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10A. Gradients

My first conscious memory of thinking about “gradients” was in college biology. Gradients of chemicals make a difference in terms of cell differentiation, our professor explained. 

For the past few days, I’ve been walking the garden on the lookout for “gradients.” As an experiment, I’m going to break up the discussion of gradients into sub-categories. 

Visually, all the various gradients look similar. I am categorizing them by the cause of the gradient. 

So, first, we have “Perspective Gradient” … as we look at identical or nearly identical items at different distances, they will obviously appear to have different sizes and different distances between those items. 

Second, we have “Light Gradient.” For example, a series of spheres or cylinders lit by a single source, the three-dimensional shape will result in a gradient of light and dark from most angles. 

Third, there are often “Color Gradients” for both animals and plants. 

Fourth, there are “Growth Gradients.” Color Gradients, are often a specific example of Growth Gradients. However, there are other types of Growth Gradients. For example, in many plants new growth is at the distal end and is smaller. Old growth is more central or more toward the roots; it is older, and is larger. 

Growth Gradients not apply to many plants and animals. They often apply to organizations as well. Imagine a multi-national distributor with field offices in half the countries in the world. If they move into a new country, at first, there will only be a few 

Conversely, Color Gradients can be quite intentionally added by the artist! Here’s a detail from a John Lennon lithograph. Note that “Boundaries” and “Gradients” reinforce each other. The Gradient makes the Boundary Stronger and vice versa.







There are also “Force Gradients” that appear in response to water, wind, gravity, magnetism, etc. One could argue that “Growth Gradients” are due to forces as well. Historically, gradients can arise from evolutionary pressures. These, in turn, are instantiated, in many cases, by chemical gradients of hormones that control growth. However, there are also many non-living cases of gradients.



Finally, there are “Intentional Gradients” that are put in by artists, architects, landscape gardeners, designers, and UX designers. 

Although the examples above are visual, there are also gradients in music. There are gradients in activity. 

Gradients are also present in narrative. Think of the rising passion between two lovers or the increasing tension and suspense in a mystery or horror film scene. 

Photo by Thirdman on Pexels.com

Are there gradients in User Interfaces? One example that springs to mind was in the “Audio Distribution System” and “Olympic Message System.” These were audio messaging systems from IBM that allowed subscribers to the service to leave an audio message to a person or distribution list “on a person’s phone.” (Of course, the message was really on a server and played upon demand.) The UI’s only visual elements were an ordinary touch tone key pad circa 1980 and possibly a small booklet or template with the various command options. Primarily, the user was meant to hear Prompts for actions.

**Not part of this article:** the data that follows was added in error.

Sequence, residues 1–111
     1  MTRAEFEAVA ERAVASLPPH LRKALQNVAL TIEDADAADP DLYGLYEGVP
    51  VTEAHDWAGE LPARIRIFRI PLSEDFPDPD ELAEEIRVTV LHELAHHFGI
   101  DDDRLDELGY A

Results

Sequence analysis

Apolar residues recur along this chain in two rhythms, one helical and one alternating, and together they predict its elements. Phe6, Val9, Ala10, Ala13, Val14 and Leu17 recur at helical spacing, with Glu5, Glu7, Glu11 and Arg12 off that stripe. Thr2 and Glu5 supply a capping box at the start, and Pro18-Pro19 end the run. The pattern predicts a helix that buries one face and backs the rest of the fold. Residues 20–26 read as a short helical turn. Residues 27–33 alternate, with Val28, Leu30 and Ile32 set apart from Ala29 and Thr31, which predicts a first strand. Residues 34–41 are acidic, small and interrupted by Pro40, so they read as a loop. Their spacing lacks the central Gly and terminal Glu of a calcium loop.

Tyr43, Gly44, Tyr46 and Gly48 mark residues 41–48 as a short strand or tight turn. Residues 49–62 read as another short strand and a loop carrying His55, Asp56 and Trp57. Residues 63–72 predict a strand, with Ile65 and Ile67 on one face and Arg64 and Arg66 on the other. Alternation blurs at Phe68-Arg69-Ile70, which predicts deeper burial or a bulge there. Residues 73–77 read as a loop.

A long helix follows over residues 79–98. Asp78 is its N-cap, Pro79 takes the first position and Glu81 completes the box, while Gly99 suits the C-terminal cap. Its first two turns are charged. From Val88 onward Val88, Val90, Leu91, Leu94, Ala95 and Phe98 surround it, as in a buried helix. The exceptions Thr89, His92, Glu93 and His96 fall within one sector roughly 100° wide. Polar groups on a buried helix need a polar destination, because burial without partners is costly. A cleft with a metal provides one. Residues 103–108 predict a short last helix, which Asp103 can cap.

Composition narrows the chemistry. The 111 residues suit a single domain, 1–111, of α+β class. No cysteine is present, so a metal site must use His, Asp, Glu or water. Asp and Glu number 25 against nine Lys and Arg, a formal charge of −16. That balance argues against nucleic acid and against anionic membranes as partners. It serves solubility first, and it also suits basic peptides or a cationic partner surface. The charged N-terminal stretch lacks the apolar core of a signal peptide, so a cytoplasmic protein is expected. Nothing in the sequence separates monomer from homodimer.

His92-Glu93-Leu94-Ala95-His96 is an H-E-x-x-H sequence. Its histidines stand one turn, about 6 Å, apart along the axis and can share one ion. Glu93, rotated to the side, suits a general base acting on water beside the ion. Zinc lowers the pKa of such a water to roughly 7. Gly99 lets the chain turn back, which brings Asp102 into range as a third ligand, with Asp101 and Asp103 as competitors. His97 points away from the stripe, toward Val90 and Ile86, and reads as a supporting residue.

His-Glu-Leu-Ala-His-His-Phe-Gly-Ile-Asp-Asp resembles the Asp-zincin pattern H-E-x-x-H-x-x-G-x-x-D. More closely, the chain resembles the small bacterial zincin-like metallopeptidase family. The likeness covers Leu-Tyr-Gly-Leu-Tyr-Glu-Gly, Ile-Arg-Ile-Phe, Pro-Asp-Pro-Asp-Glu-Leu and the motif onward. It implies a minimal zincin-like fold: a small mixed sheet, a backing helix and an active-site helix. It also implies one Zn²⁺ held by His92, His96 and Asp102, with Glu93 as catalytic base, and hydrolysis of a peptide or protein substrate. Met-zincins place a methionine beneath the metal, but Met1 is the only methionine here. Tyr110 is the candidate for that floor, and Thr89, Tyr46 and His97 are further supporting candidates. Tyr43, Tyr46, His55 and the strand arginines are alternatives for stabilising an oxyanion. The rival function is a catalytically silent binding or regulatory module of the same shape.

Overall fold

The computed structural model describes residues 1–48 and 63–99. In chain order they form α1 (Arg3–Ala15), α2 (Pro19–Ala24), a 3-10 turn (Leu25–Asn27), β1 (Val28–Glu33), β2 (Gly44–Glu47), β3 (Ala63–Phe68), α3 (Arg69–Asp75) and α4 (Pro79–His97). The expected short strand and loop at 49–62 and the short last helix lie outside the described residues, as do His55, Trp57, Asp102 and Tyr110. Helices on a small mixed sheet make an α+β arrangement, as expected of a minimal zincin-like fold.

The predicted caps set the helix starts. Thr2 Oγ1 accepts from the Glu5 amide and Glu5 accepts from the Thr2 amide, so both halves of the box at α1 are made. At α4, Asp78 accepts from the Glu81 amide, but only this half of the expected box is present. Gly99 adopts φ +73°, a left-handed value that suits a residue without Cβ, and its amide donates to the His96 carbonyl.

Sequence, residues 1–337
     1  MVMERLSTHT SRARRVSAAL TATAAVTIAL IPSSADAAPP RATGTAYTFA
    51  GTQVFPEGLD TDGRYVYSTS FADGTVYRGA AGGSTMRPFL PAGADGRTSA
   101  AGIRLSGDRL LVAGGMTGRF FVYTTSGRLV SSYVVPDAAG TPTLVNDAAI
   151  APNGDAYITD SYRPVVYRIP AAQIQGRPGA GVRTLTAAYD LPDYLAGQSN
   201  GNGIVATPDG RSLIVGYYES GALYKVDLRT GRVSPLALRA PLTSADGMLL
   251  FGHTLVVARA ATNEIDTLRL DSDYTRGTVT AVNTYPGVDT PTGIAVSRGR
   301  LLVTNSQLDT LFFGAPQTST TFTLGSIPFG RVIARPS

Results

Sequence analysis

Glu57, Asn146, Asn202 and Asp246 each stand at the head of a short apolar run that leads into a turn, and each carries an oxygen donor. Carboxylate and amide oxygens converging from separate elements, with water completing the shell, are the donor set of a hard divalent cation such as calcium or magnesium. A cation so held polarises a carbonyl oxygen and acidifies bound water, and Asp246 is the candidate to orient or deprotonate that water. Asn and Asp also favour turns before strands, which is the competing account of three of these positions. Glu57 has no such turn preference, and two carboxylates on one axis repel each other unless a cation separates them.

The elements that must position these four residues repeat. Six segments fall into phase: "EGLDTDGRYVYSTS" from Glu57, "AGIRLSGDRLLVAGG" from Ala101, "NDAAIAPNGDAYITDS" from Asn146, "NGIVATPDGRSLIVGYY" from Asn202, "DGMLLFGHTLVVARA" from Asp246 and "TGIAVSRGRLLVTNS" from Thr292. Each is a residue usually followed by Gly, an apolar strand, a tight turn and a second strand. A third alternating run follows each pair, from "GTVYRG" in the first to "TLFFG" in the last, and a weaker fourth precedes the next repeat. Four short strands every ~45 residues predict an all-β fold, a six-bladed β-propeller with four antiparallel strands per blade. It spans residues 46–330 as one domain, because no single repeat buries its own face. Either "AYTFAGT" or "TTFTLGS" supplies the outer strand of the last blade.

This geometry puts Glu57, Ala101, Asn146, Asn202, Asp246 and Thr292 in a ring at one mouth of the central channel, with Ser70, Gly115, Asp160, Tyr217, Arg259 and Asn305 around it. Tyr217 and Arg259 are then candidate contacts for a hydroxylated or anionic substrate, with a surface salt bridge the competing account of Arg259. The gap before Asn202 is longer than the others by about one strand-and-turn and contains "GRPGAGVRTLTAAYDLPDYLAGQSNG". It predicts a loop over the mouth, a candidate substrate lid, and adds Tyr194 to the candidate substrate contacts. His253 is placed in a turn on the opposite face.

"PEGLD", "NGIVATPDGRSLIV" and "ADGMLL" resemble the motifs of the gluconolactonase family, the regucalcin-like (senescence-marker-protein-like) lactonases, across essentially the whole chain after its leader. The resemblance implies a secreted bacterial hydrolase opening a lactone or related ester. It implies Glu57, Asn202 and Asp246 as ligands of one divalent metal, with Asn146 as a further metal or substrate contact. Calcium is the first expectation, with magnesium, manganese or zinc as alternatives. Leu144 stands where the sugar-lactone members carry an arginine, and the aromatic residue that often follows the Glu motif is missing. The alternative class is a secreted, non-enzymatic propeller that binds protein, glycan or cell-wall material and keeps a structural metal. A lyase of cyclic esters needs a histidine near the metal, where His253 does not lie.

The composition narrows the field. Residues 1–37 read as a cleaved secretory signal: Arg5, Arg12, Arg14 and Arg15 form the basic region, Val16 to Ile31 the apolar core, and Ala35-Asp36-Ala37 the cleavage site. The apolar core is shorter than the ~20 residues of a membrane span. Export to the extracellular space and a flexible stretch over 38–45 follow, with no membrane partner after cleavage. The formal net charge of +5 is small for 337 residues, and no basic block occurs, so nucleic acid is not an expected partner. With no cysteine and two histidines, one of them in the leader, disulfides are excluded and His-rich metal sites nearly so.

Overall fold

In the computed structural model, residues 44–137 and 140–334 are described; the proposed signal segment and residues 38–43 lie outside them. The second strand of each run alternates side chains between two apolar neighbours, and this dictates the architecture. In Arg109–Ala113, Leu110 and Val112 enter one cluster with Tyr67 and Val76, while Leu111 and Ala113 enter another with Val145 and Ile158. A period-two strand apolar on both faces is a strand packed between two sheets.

The gradient part came in the fact that the user could speed up the audio more and more as they became more and more familiar with it. That variable speed applied to prompts and also to messages. A typical user would experience slow messages, then faster messages, then, still faster messages, and so on.

In another IBM project, we built a “Personalized Education System” that would allow IT personnel to build a “Custom Course” for on-line learning that could vary continuously in length and difficulty. However, while each individual user could choose length and difficulty, they typically did not experience a gradient in that regard. By analogy, some insects may prefer to chew on new growth while others may like more mature leaves. An individual insect only experiences one “size & tenderness” yet the plant taken as a whole provides a gradient. Similarly, if your fellow citizens ever get there act together enough for you to have a barbecue party again, you might offer up a range of options on how done you cook the burgers. In this case, we might say the BBQ service offers gradations though an individual burger is not a gradient. This isn’t strictly true. A well-done burger is fairly consistent throughout but a rare burger may be much more rare in the middle and charred on the edges. So, for that choice, there is a gradient of experience. 

Compared to the natural environment around me, which is positively thick with gradients, I don’t see (or feel) many gradients in any of the UI’s I interact with (games aside). The fisheye lens provides one way of introducing gradient into the UI. It produces, a kind of “Perspective Gradient.” 

It would be possible to put gradients into many of the visual elements of a UI. Would it make the interface look more like nature? Would it be more beautiful? Would it be distracting? 

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Here’s a poem that illustrates a gradient of love. 

Wonder, wonder, who kept the wonder

Here’s a poem with a gradient of tension and suspense 

Late on the Interstate 

Here’s a story that exhibits gradient. 

As Gold as it Gets